“Ready are you? What know you of ready? For eight hundred years have I trained Jedi. My own counsel will I keep on who is to be trained. A Jedi must have the deepest commitment, the most serious mind.” – Yoda, Star Wars V: The Empire Strikes Back
As I mentioned in the previous post, we are starting back up with our regular homeschooling schedule in three weeks. Typing that it sounds so far away, but I remember making plans to meet up with MT’s family several months ago and I cannot, even now, believe that the visit is already past.
To get my mind back in gear, I am opening up the homeschooling binder and am going to lay out the curriculum plan for all to see. Basically, we loosely follow the Well Trained Mind sequence, albeit with a bit more focus on science, less of a focus on ancient languages (sorry, no Greek) and not surprisingly without the religious weave.
In history, he is covering The Renaissance through the Early Modern Era, roughly from 1500 through 1860 and with an emphasis on European and North American history. We will include historical events, people and cultures of Africa, the Middle East, Asia and South America, but I am not going to make myself crazy in the process. I provide the historical overview, Padawan Learner takes it further as his interests dictate. Our primary text is The Usborne Internet-Linked Encyclopedia of World History, but we pull in so many related books, websites and materials that it really is hard to call it that.
In science, we’re both learning about the basics of chemistry, so we’re sure to be calling on Uncle D, WineChris and Simone for assistance and clarity throughout the year. It’s good to know and love a few PhD chemists when you’re homeschooling. Prentice Hall has a nice series of middle school texts that we’re using for chemistry and physics (next year). Chemical Building Blocks and Chemical Interactions will be our guides for the next several months, as well as a more delicious book about chemical bonds and interactions, Chemistry Experiments You Can Eat. Now that’s science I can get behind.
Oh, math. Ask Padawan Learner and he will quickly tell you that he is terrible at math, but in reality he is not. He’s math insecure, to be sure, but deep down he knows his stuff and then some. Actually, he tests well above his “grade level” but that is another story. He is moving along, building his confidence and shattering those I can’t-s on a day by day basis. This fall, he’s continuing with introductory Algebra and Geometry work. We’ll be pulling Saxon’s Algebra 1/2 off the shelf and incorporating the weekly tests into the schedule. He is also finishing up some workbooks from last year that already began introducing him to these concepts. He works best with a layered approach to math. Introduce, reinforce, leave, revisit.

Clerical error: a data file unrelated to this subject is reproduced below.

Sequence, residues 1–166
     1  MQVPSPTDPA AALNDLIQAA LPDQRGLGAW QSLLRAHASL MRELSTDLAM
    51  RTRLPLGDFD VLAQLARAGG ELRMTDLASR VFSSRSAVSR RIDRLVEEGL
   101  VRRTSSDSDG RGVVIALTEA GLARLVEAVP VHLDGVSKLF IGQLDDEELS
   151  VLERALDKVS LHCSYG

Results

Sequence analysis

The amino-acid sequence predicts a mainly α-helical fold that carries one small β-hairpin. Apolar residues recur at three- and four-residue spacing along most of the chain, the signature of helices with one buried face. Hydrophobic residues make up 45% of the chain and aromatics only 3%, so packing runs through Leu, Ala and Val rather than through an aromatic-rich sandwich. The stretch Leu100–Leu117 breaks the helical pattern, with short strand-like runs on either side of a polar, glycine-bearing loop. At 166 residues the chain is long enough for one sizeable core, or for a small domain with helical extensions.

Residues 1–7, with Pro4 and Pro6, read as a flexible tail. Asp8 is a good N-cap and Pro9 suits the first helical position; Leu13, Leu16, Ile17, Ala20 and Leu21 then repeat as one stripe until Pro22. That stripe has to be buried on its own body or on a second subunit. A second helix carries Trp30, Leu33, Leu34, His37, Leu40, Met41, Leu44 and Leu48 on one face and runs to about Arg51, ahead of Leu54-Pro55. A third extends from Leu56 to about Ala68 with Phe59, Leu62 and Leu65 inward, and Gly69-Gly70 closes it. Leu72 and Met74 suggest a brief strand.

English is a real blend of activities this year. Not his favorite subject, Padawan Learner is beginning to at least not dread writing anymore. He’s continuing with the Handwriting Without Tears series, aiming for speed and ease. He learned two distinctly different handwriting styles at the two schools he attended, which resulted in both inefficient and (frankly) illegible handwriting. When you can’t read your own writing, you know there’s a problem. He will also be practicing more advanced grammar skills with some fun editing workbooks he likes (so much better to correct someone else’s mistakes). He’s going to be topping off his spelling skills with Spelling Smart!and learn about the world of sentence diagraming, in all his languages. Poor kid. Ultimately, he will be tying it all together is his writing assignments from Comprehensive Narrative Writing. Spelling, grammar, handwriting and full, lush descriptive writing will all roll together to create something interesting for his readers – most likely Obi-Mom and Dad Windu.
Did I mention languages? He will be continuing his Dutch lessons, using Beginner’s Dutch for the basic grammar, with weekly lessons from a native Dutch speaker plus lots of conversations and reading to cement the vocabulary. We’re both going to start learning some Latin this fall, using the oh so gentle Latin for Children A as our stepping off point. It’s a video language program intended for much younger students but I think it’ll be a nice step into a world that seems, literally, quite foreign to both of us right now.
Oh, and a course in logic called the Art of Argument from the people that made Latin for Children and assorted reading across the literature spectrum and piano lessons and drawing and a rather impressive physical fitness regiment and just hanging out and playing with friends and talking about the issues as a family and being silly and more as needed or desired.
So there you have it. Our year in a nutshell. Ancillary books will be borrowed (time to do a book swap with Jake’s mom and MT’s mom, as soon as we are all back in the same place again) or come from the library.